So there you have it – doesn’t beg a long, descriptive, bled-out dissertation – Patton tosses all of his cards on the table in plain view for the audience to scan at their leisure. While the tension is palpable at times, it’s the equivalent of watching someone stumble towards the edge of a cliff, and NEVER tumble over…for a long time – you literally watch them do the drunken two-step near the lip for what seems like an eternity. What I’m getting at is that the movie has the bells and whistles to give white-knucklers something to get amped about, yet it never all seems to come into complete focus, or allow itself to spread out in such a way that you can feel satisfied after the credits roll. If I may harp on the performance-aspect for a few, it basically broke down this way for me: both Abby and Jenn’s characters were well-displayed, making you feel as if you really were watching long-time besties at play. Sam’s character was a bit tough to swallow, as he was the sadder-than-sad kid due to his father’s absence, but JEEZ this kid was a friggin malcontented little jerk – all I can say is “role well-played, young man.”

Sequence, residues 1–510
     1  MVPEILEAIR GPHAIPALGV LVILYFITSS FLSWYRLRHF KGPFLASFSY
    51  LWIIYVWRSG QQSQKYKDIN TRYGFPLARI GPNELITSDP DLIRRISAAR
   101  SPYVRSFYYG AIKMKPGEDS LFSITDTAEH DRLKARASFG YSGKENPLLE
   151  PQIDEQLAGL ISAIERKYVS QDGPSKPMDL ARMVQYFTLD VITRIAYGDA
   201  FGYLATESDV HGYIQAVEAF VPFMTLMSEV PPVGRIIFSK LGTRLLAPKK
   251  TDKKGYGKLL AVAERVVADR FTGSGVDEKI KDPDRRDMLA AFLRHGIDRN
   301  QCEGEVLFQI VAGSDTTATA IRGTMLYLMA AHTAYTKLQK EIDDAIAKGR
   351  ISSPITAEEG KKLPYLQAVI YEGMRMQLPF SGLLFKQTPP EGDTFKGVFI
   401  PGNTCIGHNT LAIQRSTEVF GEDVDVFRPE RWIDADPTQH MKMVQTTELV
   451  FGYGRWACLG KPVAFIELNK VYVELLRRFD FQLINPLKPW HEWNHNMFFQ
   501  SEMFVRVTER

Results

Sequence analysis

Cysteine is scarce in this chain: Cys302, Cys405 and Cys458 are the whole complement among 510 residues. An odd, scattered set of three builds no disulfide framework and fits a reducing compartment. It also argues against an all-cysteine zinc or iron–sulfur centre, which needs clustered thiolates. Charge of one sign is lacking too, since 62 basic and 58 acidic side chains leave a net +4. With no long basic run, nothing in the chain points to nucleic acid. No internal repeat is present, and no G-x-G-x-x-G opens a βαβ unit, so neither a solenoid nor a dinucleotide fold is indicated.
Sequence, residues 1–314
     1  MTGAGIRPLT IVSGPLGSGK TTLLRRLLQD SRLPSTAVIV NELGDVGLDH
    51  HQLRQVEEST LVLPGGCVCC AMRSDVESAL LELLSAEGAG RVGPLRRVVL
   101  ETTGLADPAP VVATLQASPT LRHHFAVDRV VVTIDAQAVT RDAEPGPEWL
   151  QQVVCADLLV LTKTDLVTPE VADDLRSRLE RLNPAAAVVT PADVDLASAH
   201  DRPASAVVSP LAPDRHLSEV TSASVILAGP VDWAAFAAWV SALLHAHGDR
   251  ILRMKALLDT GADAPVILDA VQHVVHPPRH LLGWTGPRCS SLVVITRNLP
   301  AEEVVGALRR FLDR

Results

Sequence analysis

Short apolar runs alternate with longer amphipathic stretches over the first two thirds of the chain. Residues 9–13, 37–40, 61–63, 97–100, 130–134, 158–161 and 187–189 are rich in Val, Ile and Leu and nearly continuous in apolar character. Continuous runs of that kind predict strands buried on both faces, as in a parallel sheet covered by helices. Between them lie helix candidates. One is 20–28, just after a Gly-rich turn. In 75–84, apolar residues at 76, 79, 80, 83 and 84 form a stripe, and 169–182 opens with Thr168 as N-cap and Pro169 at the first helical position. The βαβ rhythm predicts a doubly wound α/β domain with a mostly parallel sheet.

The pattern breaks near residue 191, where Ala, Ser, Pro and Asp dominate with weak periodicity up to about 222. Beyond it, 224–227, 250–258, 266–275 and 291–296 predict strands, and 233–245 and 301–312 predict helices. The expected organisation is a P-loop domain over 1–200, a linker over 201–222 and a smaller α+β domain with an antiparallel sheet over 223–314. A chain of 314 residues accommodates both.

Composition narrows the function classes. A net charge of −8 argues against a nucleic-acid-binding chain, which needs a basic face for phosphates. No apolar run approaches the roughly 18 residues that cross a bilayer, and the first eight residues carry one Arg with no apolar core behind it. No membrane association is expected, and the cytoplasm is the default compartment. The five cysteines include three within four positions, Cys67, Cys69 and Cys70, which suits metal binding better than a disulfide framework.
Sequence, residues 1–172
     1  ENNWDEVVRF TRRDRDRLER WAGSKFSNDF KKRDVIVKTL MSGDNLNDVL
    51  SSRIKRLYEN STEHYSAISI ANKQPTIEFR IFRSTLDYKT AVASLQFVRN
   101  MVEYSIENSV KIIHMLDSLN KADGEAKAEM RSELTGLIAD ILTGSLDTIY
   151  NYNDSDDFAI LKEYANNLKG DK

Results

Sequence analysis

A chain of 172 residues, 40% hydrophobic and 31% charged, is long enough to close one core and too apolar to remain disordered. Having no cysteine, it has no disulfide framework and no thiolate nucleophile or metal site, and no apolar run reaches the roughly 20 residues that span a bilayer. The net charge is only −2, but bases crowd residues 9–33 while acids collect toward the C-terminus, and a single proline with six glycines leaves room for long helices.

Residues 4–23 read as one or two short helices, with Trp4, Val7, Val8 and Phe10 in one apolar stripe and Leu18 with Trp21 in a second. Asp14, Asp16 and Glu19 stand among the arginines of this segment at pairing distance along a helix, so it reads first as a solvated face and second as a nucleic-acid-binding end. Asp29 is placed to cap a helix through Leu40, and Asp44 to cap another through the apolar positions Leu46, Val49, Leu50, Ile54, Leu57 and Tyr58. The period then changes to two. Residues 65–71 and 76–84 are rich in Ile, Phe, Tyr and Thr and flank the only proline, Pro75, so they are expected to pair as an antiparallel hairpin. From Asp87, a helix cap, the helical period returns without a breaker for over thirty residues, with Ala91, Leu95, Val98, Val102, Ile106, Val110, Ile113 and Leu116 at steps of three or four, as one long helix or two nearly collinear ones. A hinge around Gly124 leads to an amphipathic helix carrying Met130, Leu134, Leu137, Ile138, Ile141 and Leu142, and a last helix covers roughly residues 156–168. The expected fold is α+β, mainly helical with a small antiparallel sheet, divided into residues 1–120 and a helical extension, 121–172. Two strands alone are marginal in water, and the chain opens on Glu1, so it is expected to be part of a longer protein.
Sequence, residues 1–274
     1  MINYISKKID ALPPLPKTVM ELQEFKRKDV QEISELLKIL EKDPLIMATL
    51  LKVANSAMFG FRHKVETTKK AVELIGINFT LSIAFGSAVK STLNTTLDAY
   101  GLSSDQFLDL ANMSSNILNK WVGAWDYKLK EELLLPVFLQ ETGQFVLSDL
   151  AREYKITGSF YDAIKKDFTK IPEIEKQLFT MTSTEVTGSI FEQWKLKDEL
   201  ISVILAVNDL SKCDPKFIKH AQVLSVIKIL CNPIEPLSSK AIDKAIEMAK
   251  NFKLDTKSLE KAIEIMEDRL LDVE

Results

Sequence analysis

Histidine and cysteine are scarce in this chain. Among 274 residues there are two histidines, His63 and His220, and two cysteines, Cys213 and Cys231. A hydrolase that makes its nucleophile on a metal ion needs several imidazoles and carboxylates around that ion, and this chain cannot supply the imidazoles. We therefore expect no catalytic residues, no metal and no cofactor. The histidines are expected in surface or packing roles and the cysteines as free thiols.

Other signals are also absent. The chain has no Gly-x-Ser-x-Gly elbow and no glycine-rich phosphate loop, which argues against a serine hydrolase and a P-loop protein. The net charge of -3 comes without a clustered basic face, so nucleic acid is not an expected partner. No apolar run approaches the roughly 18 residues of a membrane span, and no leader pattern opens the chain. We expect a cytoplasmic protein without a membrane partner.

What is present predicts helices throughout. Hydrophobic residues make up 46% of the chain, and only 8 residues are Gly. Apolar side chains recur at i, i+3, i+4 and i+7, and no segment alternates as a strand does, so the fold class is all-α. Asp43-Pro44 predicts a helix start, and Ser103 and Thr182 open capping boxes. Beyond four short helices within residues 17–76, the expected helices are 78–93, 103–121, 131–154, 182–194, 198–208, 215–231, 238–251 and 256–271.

As we get to our leading transient, kook, outsider – whatever you want to call him: he simply shaved down into a hum-drum personality – no sizzle here, folks. Truly a disappointment for someone who was hoping for an enigmatic nutbag to terrorize our not-so-merry band of backpackers – oh well, Santa isn’t always listening, I guess. Simplicity has its place and time when displaying the picture-perfect lunatic, and before everyone gets a wild hair across their ass because of what I’m saying, all this is was the wish to have THIS PARTICULAR psycho be a bit more colorful – I can still appreciate face-biters like Hannibal Lecter and those of the restrained lunacy set. Overall, Desolation is one of those films that had all the pieces meticulously set in place, like a house of cards…until that drunk friend stumbled into the table, sending everything crumbling down. A one-timer if you can’t find anything else readily available to watch.

  • Film
2.5

Summary

Looking for a little direction way out in the woods? Look elsewhere, because this guide doesn’t have a whole lot to offer.

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New 78/52 Clip Showers Off

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To celebrate the UK DVD release of the Psycho doc 78/52, we have a brand spanking new clip for you cats to go crazy over. Watch it quick; you don’t want to keep Mother waiting!